Following is an update re: Serum Amyloid Testing for our veterinary colleagues:
Pilchuck Veterinary Hospital (PVH) is pleased to announce the availability of a test for Serum Amyloid A (SAA). SAA is an acute phase reactant that is present in mammalian species. It is present in serum at a low (often undetectable) level in healthy animals. But the levels increase rapidly (within 4 hours) of the onset of an inflammatory reaction, and will continue to rise as long as the inflammation is present with peak levels 36-48 hours after the inflammatory insult. The half-life of this protein is short (30 minutes to 2 hours) so that values will fall rapidly after the inflammation subsides. SAA has been studied most extensively in horses but can also be used in dogs and cats to identify acute inflammation. The SAA increases are apparent prior to increases in fibrinogen (by 36-48 hrs) and may also be apparent 2-4 hours before iron levels decline. This test can be run on serum/heparinized plasma/or body fluids. This test is run daily as the results decline by as much as 20% over 48 hours of storage. The reference interval is 0 -18ug/ml in horses.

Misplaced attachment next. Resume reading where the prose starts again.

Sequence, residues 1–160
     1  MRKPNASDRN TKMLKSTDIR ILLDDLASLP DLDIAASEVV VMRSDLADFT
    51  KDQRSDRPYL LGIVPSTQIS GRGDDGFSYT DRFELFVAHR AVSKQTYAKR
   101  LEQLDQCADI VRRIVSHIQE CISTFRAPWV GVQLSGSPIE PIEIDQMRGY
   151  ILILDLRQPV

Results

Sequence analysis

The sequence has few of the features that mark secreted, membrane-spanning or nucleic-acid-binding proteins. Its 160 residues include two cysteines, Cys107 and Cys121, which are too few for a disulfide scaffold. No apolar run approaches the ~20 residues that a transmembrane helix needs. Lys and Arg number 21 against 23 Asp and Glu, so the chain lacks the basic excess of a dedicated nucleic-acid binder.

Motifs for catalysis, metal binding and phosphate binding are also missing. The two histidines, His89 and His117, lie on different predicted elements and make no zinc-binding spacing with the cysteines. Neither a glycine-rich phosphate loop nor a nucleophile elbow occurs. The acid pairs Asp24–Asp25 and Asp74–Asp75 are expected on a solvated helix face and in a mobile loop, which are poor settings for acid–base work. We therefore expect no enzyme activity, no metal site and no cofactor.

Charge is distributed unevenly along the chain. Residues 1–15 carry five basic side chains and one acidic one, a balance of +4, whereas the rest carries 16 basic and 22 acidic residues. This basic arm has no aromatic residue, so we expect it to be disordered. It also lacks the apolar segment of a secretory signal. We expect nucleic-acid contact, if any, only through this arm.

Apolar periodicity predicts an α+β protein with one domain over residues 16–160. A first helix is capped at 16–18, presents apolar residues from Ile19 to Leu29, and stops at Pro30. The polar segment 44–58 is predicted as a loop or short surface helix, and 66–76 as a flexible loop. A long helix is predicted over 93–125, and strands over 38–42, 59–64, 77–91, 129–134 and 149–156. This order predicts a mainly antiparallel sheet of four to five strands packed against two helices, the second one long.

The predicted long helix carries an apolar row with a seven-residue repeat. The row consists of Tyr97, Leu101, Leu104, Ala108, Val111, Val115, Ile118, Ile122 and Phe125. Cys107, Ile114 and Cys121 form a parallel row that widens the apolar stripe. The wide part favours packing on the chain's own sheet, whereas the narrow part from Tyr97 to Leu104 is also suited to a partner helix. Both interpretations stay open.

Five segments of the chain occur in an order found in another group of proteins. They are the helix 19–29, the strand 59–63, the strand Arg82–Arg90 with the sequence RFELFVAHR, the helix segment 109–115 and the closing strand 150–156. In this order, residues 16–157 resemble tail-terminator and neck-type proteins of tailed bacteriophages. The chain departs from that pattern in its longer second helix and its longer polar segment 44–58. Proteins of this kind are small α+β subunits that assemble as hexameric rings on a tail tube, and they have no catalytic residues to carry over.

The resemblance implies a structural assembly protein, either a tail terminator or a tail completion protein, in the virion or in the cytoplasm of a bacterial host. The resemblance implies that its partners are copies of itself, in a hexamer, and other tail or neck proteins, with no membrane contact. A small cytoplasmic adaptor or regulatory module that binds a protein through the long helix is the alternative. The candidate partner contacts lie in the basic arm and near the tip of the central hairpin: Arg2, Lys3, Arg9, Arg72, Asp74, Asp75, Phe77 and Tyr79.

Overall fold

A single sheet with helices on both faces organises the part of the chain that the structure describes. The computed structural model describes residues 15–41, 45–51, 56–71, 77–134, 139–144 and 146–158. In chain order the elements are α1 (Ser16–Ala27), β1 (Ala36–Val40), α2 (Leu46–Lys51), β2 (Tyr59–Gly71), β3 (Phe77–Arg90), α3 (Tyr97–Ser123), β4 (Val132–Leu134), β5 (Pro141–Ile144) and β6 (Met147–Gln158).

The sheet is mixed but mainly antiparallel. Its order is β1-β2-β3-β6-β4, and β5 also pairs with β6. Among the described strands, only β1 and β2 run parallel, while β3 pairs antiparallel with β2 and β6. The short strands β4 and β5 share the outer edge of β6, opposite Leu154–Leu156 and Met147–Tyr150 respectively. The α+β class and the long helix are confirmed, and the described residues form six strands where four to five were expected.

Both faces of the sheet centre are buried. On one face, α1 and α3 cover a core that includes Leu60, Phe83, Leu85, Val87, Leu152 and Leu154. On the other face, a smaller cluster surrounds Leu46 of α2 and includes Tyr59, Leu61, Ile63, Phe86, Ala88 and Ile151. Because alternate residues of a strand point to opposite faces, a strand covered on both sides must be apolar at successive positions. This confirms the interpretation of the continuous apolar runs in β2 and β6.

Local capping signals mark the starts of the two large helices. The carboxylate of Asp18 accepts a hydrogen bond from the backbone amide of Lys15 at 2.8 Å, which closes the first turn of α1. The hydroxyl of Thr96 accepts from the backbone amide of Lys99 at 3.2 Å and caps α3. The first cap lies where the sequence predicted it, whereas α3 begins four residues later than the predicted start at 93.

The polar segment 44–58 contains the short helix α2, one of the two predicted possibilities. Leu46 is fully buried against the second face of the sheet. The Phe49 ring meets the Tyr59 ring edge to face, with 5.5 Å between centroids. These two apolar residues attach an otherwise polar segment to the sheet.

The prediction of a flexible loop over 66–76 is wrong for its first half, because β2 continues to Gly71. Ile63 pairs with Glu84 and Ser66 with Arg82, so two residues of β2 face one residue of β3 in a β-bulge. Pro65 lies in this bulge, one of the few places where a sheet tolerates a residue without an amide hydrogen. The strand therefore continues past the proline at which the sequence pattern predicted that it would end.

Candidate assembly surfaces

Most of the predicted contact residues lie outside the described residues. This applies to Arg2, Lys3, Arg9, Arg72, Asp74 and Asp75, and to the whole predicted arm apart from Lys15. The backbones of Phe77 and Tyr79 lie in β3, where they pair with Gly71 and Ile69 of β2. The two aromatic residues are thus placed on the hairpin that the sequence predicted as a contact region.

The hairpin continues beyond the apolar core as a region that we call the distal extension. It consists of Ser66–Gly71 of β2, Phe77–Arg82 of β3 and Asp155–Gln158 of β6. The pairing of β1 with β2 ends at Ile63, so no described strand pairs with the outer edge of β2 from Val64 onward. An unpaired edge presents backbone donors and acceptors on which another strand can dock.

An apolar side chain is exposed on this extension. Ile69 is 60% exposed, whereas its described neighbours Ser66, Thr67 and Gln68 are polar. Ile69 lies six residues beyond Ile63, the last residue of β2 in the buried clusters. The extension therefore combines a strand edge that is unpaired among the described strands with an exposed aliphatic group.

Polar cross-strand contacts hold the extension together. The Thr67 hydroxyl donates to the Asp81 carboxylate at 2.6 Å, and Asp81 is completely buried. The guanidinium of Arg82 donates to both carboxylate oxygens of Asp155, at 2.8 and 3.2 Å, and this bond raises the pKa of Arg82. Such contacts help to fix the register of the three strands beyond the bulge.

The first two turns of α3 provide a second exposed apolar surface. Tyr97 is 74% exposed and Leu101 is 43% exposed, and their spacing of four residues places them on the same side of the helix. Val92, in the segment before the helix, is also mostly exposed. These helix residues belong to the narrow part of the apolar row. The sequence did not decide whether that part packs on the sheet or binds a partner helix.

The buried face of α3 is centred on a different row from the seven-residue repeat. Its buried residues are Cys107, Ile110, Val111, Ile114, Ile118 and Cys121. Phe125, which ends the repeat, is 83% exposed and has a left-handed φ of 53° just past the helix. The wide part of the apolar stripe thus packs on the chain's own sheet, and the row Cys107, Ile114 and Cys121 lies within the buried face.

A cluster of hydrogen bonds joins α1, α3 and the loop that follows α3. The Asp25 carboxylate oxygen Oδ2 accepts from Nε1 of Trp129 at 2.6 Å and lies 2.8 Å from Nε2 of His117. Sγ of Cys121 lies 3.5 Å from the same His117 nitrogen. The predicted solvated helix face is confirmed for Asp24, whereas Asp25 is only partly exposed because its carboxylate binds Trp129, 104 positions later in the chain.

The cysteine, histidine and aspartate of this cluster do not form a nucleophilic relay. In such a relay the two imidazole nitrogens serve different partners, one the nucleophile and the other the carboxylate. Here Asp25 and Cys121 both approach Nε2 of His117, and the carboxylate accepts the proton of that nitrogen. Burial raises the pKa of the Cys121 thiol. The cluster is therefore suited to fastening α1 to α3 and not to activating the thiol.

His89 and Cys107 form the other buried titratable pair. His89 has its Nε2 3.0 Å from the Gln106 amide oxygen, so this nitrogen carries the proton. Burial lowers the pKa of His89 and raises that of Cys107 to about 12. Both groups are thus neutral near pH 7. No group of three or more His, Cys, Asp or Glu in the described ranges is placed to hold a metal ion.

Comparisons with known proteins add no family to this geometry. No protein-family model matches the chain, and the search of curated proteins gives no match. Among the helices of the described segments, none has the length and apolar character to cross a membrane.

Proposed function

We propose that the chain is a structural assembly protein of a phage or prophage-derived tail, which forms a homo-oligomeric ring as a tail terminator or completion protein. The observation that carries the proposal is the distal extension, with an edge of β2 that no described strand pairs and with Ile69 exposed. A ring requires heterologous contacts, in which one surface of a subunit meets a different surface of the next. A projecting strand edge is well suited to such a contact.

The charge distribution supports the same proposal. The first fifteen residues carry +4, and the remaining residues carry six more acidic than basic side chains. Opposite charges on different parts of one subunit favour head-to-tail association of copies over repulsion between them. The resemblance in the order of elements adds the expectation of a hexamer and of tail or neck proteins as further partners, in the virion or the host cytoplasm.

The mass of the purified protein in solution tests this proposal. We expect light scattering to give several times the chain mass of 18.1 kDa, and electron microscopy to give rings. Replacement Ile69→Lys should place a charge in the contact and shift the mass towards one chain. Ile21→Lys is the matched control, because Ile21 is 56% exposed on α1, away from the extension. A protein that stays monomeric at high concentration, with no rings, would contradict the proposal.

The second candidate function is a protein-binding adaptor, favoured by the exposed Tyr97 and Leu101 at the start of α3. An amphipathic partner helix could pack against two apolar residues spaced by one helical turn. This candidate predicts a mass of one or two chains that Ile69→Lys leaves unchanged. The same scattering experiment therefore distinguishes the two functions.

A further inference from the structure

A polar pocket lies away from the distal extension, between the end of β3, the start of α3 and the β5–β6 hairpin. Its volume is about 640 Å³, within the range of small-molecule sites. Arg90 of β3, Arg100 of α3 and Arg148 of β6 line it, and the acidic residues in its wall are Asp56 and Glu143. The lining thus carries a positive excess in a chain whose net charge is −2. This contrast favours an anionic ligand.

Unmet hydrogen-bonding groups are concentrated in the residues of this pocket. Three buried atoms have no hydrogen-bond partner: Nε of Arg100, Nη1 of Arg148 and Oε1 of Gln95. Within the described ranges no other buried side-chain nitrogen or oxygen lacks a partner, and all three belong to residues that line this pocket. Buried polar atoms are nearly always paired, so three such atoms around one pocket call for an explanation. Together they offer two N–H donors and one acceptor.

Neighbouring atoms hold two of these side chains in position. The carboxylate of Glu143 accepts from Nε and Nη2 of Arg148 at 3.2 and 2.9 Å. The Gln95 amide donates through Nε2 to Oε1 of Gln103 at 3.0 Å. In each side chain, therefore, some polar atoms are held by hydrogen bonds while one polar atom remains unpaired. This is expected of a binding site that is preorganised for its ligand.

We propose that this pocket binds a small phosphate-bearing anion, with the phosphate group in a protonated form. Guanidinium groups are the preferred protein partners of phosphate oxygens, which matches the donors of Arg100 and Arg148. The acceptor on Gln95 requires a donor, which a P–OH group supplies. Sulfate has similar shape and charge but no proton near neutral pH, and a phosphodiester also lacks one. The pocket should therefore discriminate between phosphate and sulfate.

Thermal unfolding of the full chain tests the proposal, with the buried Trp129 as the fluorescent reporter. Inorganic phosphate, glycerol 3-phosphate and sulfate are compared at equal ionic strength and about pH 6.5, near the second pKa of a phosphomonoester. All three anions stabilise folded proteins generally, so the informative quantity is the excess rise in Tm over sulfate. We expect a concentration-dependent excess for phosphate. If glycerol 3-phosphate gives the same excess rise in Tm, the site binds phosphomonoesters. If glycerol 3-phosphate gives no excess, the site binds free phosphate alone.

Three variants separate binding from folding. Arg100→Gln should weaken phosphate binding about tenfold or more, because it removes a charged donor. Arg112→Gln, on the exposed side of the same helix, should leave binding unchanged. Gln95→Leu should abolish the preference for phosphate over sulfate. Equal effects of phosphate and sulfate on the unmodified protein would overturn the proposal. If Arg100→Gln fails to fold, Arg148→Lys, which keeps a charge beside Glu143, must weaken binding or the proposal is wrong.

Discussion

- Jacobsen S; Kjelgaard-Hansen M, Peterson H et al; Evaluation of a commercially available human serum amyloid A (SAA) turbidometric immunoassay for determination of equine SAA concentrations. Vet Journal 2006; 172, 315-319.
- Christensen M, Jacobsen S, Ichiyanagi et al; Evaluation of an automated assay basedon monoclonal anti-huma serum amyloid A (SAA) antibodies for measurement of canine, feline and equine SAA. Vet Journal 2012; 194: 332-337.
PVH runs plasma ACTH levels on a daily basis and can guarantee results Monday to Friday within 4 hours of receipt of the sample as long as the samples (EDTA plasma) are in the laboratory by 3pm. Plasma ACTH levels run along with Insulin levels (serum or heparinized plasma) and a panel of chemistries that include triglyceride (metabolic panel) can be helpful in identifying various forms of the metabolic syndromes that exist in horses.